Maung Naing Soe Lin heard gunfire from downtown Pauktaw at about 3 p.m. Those hiding nearby concluded that the AA had entered downtown Pauktaw and was retaliating against Myanmar Navy vessels for their artillery and mortar barrage.

“Locals thought that AA fighters entered downtown Pauktaw because gunfire was heard in many residential areas. Dozens of local people hiding in the town including our family remained in Pauktaw without fleeing,” he explained.

The sounds of small arms fire from downtown Pauktaw gradually approached the Lawka Hteikpan Pagoda. After that, they heard a voice in saying, “Take position and open fire on people on sight,” in Burmese language, so that Maung Naing Soe Lin and the others hiding knew that junta troops had arrived.

Around 30 junta soldiers entered the Lawka Hteikpan Pagoda and opened fire, causing the people who were hiding to scatter, Maung Naing Soe Lin said.

As Maung Naing Soe Lin was hiding in a group with his mother and younger sister, the junta soldiers saw them and shot at them, hitting Daw Sandar Oo in the head. Some others people hiding together with them also sustained fatal gunshot wounds, he added.

“Junta soldiers saw us and opened fire on us. My mother bled to death in my arms. I saw my mother die. I saw four people were shot dead on the scene,” he recounted.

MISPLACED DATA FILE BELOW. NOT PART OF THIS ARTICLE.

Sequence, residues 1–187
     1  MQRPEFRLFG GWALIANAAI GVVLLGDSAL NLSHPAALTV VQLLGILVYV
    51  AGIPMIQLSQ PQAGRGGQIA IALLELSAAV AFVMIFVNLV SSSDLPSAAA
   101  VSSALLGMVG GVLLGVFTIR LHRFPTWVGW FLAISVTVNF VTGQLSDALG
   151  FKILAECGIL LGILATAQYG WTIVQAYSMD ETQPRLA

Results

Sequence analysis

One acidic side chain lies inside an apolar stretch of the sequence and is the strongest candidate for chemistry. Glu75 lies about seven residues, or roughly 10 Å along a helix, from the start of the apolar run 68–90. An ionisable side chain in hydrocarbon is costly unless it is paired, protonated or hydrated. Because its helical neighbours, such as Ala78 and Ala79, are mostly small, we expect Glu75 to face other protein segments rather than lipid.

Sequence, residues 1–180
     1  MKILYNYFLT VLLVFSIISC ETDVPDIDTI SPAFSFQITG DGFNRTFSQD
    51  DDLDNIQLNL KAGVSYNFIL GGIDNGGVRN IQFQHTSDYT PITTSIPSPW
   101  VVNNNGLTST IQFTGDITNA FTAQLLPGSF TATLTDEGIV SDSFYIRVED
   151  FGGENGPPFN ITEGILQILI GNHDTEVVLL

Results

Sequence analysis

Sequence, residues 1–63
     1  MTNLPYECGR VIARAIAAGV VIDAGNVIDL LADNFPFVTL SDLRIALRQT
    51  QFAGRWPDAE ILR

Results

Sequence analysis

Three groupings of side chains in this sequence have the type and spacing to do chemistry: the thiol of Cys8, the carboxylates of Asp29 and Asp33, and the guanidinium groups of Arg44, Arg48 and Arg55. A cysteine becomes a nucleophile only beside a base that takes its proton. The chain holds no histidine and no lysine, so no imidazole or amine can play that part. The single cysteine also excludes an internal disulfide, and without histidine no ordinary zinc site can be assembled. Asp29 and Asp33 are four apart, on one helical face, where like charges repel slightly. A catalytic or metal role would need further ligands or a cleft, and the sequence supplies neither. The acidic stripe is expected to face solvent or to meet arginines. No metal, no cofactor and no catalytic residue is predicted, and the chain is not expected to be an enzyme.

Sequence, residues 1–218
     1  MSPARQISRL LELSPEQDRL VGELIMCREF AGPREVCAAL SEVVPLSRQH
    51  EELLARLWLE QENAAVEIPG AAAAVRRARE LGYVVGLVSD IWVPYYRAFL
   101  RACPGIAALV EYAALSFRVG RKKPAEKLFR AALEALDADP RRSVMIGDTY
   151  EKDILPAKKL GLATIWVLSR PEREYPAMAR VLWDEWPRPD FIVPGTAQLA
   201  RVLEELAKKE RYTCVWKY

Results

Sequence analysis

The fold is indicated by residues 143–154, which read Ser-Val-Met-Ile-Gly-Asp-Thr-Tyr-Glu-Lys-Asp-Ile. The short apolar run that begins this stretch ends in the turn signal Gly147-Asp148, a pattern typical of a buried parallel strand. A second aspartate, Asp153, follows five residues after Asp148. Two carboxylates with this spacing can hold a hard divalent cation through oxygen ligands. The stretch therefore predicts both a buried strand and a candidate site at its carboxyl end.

His younger sister, 15-year-old Ma May Khin Win, was also hit by a bullet near the head and injured. He left his mother’s body and two sisters with his uncle in their hiding place, and Maung Naing Soe Lin fled to safety.

“I was lucky to fall down the mountain from my hiding place. When I got to the bottom of the hill, I started running without looking back. Even while I was running, junta soldiers shot at me. I was lucky that the bullets did not hit me,” he said.

In the evening, Maung Naing Soe Lin received a phone call informing him that dozens of Pauktaw residents including his two younger sisters were detained by the junta soldiers.

From that time until midday on November 21, Maung Naing Soe Lin had no contact with his younger sisters.

“I wanted to meet my younger sister as soon as possible. No one is as unlucky as our family,” Maung Naing Soe Lin said, sobbing.

On the night of November 21, the AA released a video clip showing the rescue of some residents including Buddhist monks, elderly people, children and pregnant women held by the junta troops and used as human shields during the Pauktaw fighting.

Photo : AA Info Desk

After Maung Naing Soe Lin watched that video clip, he began to investigate whether his two sisters were among those rescued by the AA. Maung Naing Soe Lin received a phone call in the morning and contacted his younger sisters, who informed him that they were in a safe place with their uncles.

Maung Naing Soe Lin is now focused on reuniting with the family he still has.

“I am very worried about the safety of my younger sisters. I was very happy to see the video clip of the hostages being released. I am now in touch with my younger sisters. They haven’t reached here due to the junta’s blockading of water routes. I would like to express many thanks to the AA for the rescue of those held by the junta troops.”